Saturday in the Twenty-Second Week of Ordinary Time

1 Corinthians 7:25-40

This World Is Passing Away

Imagine for a moment that you are living in a country where those of the Christian faith are persecuted.  You must meet in secret to worship or to have a Bible study together.  Even being found with a Bible in your house or on your person can get you into serious trouble.  Christians are being imprisoned for the faith, some languishing there and others dying.  Now let us say that you love this woman or man and desire to marry.  Perhaps you were engaged to one another before coming to saving faith.  What do you do?  Do you go through with marriage or would it be best “under the present distress” to refrain? 

I place this scenario before us to understand the circumstances under which these Corinthian Christians were living, and which some of our brothers and sisters in Christ are living under today.  As we mentioned before, it seems that some in the church at Corinth were advocating that the betrothed should not marry since “it is good for a man not to touch a woman.”  As we have seen, Paul disagrees: Marriage is a good thing.  But Paul here highlights the present distress that these Christians are under as something to consider.  Our Lord himself referred to a similar set of circumstances which this fallen world deals us, feeling sorrow for those women who would be expecting or nursing when Jerusalem fell, as he prophesied would happen (Matthew 24:19; Mark 13:17; Luke 21:23).  So Paul simply highlights the present circumstances for those Corinthians wondering whether they should marry, and the consequences of that choice; and there is no wrong answer.

But the crux of the passage is 7:29-31, ending with the line, “The present form of this world is passing away.”  Ultimately, it doesn’t matter whether one marries or not, buys or sells, or laughs or cries.  Why is this?  Because the Christian is living for the next world.  Gordon Fee writes, “Those who have a definite future and see it with clarity live in the present with radically altered values as to what counts and what does not” (NICNT, 339).  The circumstances of this life are not to dictate the terms under which Christians live—the next life is.  Our future is the Kingdom of heaven, and in the light of that Kingdom, the things of this world pale into insignificance—yes, even very significant decisions like marriage, which deserves all the prayer and godly wisdom one can utilize.  So Paul would have us to understand that the end of the issue is to remain heavenly-minded and Kingdom-focused, for this world is passing away.  So whatever we decide to do, let us do it to the glory of God (Colossians 3:17).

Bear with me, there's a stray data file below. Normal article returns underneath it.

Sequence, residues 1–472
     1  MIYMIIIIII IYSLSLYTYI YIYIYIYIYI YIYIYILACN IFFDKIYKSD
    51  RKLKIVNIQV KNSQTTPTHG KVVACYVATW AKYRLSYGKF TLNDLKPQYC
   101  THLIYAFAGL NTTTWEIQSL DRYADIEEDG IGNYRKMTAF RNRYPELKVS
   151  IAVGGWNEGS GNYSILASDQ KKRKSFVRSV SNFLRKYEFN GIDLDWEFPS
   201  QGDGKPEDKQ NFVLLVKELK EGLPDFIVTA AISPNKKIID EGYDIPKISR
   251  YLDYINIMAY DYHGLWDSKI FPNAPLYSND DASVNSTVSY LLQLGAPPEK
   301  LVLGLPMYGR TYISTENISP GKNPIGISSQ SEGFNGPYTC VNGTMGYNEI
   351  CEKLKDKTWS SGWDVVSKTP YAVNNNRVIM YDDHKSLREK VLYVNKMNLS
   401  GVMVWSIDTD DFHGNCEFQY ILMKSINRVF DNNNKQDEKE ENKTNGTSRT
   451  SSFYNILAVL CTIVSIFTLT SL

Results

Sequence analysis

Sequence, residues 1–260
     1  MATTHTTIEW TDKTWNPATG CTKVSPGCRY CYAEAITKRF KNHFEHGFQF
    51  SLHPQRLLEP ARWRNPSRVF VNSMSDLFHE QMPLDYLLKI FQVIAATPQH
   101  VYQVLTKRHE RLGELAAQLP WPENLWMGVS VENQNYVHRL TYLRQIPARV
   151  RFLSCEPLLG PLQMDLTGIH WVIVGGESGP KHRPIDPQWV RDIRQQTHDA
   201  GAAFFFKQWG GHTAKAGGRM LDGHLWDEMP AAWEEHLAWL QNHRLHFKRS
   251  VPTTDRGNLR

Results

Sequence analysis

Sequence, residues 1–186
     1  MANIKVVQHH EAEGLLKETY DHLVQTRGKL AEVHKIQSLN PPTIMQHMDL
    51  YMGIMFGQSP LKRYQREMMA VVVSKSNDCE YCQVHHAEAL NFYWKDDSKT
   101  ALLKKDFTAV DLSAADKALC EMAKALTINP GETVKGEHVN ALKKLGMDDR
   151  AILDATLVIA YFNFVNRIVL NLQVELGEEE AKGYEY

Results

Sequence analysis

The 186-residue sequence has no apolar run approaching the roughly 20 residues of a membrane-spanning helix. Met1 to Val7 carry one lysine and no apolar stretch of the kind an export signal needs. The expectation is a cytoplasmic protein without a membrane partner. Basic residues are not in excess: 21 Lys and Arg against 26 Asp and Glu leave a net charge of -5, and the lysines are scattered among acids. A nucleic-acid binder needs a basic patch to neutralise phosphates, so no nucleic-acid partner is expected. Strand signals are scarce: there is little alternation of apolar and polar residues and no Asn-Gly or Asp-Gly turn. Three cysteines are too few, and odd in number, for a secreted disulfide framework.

Author: The Reformed Baptist

My name is Stephen Taylor, ordained Baptist minister of eighteen years pastoral experience with a Ph.D. in Historical Theology from Southwestern Baptist Theological Seminary in Fort Worth, Texas. Better than that, I am married to a godly woman, Karla, who has been very patient with me since 1989. I have two daughters, both of whom I homeschooled for extended periods of time, who became godly young women, and who ran off and married godly young men, all of which is very proper. The oldest daughter has even seen fit to bless me with a grandson and a granddaughter, and my youngest daughter with a grandson, all three of whom are bundles of exceeding joy. As you can see, I am quite blessed. This website is dedicated to helping people grow in the wisdom and knowledge of our Lord Jesus Christ through the gift of writing that the Lord has given to me. It is specifically about helping His people grow in godliness, the theme you see repeated above. I write devotions with this aim and hope that they might be of some help to God’s people. Full disclosure: I am of a Reformed bent, meaning that my understanding of Scripture is primarily informed by the Reformers and their successors of the sixteenth and seventeenth centuries. However, as a student of church history and theology, I strive to remain true to that teaching handed down once for all unto the saints through every age of the Church. I like to think of myself as a “catholic” Christian, as the Reformers thought of themselves. At any rate, feel free to read, pray, and contact me if you wish, or correct me if need be. As you can see, I tend to follow the church year. Of course, I make no special claims about these devotions. I know very well that others have written better and plumbed the depths of God’s word with greater insight. But if my musings help someone draw closer to the Lord, well then, I have my reward. Blessings to you and may the God and Father of our Lord and Savior Jesus Christ speak to you that word which He knows you especially need to hear. Grace & peace, Stephen Taylor

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